GMA Launches Project Restore For Tsunami Relief

In wake of the critical need for relief still present in South East Asia, The Gospel Music Association (GMA) has announced the establishment of Project Restore, an Asian Tsunami awareness, prayer and fundraising effort in coordination with international Christian disaster relief agency World Vision.

Through its website, www.ProjectRestore.org, Project Restore will serve as the gospel music industry's unified campaign for raising awareness of how its fans can be involved in helping provide relief. This includes encouraging financial donations to World Vision (WorldVision.org) and other Christian agencies, such as Compassion International (Compassion.com), Food for the Hungry (FH.org), Feed the Children (FeedTheChildren.org), and International Justice Mission (IJM.org), which GMA has worked with and which are directly providing disaster relief for the countries and the victims of the Tsunami. Project Restore will focus its initial efforts on the Tsunami disaster, but will remain the industry's official crisis response vehicle in the future

"Tragedies like the Tsunami disaster can make individuals feel helpless. We believe that where two or more is gathered, God will be there," said John Styll, president of GMA. "Project Restore is our opportunity to gather together all the constituencies in the GMA community to make God's voice and heart heard on the other side of the world during this time of unimaginable suffering."

"The work to be done to heal lives, hearts and souls is overwhelming, but we can offer our prayers and our resources, and World Vision and other relief organizations are providing the hands and feet in this immeasurable task," Styll continues. "Together, we hope to reflect the grace and goodness of the Gospel as God brings hope and restoration to the people of Asia."

Among the artists who will be lending their support to Project Restore are Steven Curtis Chapman, Third Day, CeCe Winans, Kirk Franklin, Casting Crowns, Newsong and the more than 40 artists who serve as World Vision ambassadors. Each artists' website will include links and information about Project Restore and World Vision and more than 45 concerts will be held throughout the month of January to make an appeal to concertgoers for a single gift donation for Tsunami relief.

"As I've wrestled with the questions that all of us have in the wake of this great disaster I've come to realize that once again the only question I'm in a position to ask is, 'What now, how am I to respond?'" said Steven Curtis Chapman, who in addition to being part of the gospel music community, is the father of three adopted Asian children (Shaohannahshope.org). "As a community of people who create art for the purpose of showing the glory and greatness of our God through music I believe moments in history like these are the very reason we exist. Who we are in these times is the essence of why we are, so its my prayer and hope, that as we carry this banner of compassion everyone will join in alongside us and watch what God will do through us."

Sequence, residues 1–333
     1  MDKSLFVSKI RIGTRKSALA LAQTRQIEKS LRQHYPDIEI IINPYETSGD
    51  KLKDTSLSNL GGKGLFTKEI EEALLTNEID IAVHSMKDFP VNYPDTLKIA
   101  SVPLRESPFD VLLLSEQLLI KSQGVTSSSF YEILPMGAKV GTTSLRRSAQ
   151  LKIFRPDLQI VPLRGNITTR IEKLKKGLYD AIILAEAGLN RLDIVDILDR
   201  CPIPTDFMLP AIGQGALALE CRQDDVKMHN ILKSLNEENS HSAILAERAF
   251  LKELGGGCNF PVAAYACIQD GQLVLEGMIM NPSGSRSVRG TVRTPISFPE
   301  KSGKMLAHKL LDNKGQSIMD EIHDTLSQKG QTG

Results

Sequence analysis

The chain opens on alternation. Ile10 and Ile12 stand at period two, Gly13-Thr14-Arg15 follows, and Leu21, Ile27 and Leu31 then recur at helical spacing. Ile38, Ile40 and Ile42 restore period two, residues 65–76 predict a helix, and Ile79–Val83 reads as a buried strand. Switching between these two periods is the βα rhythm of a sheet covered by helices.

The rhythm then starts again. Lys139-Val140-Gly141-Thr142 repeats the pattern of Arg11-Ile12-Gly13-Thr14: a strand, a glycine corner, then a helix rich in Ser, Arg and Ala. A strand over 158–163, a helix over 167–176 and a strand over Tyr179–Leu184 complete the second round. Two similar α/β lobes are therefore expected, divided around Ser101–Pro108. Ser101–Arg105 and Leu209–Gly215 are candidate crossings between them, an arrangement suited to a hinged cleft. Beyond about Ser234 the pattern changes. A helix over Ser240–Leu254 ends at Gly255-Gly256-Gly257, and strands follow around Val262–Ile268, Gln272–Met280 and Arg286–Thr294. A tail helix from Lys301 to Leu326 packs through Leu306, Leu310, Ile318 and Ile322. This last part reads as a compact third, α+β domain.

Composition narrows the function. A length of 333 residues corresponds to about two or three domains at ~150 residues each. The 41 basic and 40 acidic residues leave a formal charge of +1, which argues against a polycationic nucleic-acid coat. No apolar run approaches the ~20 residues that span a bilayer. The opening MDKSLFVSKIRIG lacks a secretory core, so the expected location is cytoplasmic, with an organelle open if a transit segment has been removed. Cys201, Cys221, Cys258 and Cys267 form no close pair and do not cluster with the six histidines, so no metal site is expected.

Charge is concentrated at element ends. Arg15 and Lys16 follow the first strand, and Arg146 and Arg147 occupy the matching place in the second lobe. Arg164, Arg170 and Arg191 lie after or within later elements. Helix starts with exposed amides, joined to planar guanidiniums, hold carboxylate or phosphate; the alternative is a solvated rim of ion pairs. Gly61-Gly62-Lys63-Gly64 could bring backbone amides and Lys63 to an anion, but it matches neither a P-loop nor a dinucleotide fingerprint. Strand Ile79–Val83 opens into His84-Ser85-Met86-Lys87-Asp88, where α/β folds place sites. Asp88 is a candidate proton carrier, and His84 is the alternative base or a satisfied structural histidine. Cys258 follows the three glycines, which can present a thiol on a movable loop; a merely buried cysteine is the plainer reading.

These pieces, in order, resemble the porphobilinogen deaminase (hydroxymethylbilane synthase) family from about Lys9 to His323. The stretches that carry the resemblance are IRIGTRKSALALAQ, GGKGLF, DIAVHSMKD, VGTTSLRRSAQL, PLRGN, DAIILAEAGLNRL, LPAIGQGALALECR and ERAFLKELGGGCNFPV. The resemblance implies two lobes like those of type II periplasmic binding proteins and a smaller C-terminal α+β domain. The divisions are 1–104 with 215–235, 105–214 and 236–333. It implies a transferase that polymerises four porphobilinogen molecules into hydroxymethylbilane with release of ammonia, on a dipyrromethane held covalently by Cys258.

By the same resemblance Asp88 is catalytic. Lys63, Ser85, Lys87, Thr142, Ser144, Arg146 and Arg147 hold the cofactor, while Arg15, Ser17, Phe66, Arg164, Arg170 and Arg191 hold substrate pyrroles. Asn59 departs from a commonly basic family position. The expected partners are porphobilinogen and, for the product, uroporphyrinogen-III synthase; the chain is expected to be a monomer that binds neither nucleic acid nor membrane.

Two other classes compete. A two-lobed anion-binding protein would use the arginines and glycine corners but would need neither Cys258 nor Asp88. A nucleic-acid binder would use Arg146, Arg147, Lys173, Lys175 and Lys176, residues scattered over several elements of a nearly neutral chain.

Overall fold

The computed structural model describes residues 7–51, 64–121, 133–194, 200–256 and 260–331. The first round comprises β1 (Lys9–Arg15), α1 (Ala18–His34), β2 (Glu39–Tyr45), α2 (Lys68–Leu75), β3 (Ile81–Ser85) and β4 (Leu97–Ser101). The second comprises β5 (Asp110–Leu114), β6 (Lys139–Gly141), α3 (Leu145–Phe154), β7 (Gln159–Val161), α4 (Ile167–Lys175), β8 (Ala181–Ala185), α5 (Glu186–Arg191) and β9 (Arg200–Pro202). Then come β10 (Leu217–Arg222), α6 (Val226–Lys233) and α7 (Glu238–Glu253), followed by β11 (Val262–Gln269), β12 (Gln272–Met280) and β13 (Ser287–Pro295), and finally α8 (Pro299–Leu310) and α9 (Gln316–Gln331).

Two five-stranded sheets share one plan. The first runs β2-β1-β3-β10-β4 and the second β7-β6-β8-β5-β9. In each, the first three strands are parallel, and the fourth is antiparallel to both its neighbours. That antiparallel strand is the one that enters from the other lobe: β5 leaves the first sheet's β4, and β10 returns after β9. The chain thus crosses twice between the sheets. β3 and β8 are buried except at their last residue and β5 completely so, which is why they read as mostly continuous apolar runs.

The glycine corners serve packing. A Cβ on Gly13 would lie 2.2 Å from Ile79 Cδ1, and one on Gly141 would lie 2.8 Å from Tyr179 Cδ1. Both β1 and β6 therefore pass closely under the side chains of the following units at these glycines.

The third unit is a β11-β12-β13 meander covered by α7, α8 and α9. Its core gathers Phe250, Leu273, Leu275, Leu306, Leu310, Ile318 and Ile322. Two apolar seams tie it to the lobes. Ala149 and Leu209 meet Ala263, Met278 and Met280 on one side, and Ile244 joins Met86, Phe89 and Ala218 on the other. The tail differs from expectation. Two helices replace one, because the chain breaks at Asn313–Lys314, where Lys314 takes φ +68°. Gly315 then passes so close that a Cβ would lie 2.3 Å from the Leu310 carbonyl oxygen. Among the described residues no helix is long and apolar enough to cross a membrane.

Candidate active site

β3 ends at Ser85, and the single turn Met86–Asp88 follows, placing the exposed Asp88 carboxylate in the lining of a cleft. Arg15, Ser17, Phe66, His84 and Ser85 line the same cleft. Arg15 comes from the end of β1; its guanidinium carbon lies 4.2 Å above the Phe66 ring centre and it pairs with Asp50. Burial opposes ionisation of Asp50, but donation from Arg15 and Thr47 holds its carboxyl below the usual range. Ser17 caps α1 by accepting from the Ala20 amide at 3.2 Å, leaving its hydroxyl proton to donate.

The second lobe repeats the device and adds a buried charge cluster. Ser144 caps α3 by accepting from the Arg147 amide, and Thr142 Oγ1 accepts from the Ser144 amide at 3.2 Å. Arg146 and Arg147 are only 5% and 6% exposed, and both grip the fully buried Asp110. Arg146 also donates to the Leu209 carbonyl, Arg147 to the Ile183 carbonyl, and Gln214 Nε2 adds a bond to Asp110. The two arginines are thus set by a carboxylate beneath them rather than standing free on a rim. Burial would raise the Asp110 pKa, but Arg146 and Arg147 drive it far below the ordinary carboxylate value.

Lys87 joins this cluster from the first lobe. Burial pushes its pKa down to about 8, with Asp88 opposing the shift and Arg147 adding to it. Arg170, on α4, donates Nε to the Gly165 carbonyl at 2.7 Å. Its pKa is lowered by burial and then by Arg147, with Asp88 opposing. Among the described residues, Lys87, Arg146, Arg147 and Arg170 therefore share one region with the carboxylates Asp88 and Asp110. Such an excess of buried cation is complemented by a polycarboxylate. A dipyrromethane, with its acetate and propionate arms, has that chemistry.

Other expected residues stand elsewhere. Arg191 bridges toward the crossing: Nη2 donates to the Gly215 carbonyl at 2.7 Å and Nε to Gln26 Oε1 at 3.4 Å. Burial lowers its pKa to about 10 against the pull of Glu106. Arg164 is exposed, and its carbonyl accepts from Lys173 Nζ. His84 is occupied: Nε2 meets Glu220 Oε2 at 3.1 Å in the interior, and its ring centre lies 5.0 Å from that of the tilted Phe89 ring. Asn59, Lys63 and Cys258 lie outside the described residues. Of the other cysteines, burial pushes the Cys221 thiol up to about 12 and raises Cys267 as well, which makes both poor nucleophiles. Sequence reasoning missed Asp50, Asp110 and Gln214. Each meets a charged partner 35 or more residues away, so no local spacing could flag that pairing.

A complete list of artists supporting Project Restore, and details related to concert fundraising will be included and updated on a regular basis at ProjectRestore.org. As part of the Project Restore campaign, artists not associated with World Vision or another relief charity will be offered resources for their website and tours.

One event in the works for Project Restore is "An Evening for Restoration: Music City Comes Together for Tsunami Relief," a one-night only benefit concert which will be held on January 26th at the Curb Event Center at Belmont University in Nashville. According to Project Restore, the concert, which will be co-hosted by Michael W. Smith and Kathy Mattea, is an invitation for the city to join together with some of Nashville's major music organizations, artists and area church leaders for an evening of music, prayer and reflection. Although the ticketed event will raise money for World Vision, the focus of the evening, according to John Styll, will be on the gathering of community.

"This concert will be unique to Nashville and the collection of inspiring music performed at 'An Evening for Restoration' will be extraordinary," says Styll, "We hope to bring a large community together to make our voices heard, in song and prayer, of our support for the millions of children left without parents, the millions of mothers and fathers without jobs and homes and the millions of Asians left hopeless after a tragedy beyond anything we can comprehend."

"An Evening for Restoration: Music City Comes Together for Tsunami Relief" will be heard live, exclusively on XM Satellite Radio. Due to the broad range of artists participating, the concert will be broadcast on both XM Live (Channel 200) as well as America (XM Channel 10) taking the historic event beyond the boundaries of Music City and into the homes and automobiles of the 3.2 million members of the XM Nation.

GMA first associated with World Vision after 9-11 when artists, writers, musicians and executives in the gospel music industry contacted the GMA wanting to be a part of the healing response to that tragic event. Out of a desire to respond as a community, the GMA welcomed World Vision's offer to partner in rallying the gospel music community to aid in future disaster relief efforts in the future.

World Vision has been providing relief in most of the areas impacted by the tsunami, with 3,700 staff on the ground in the five hardest hit countries alone. World Vision staff has been distributing survival packs of food, bottled water, medicine, sleeping mats, clothing, and household items to tens of thousands of people. World Vision has set a $100 million goal to help the victims of the South Asia disaster, the largest single commitment in the organization's 54-year history.

For more information, visit GospelMusic.org or ProjectRestore.org.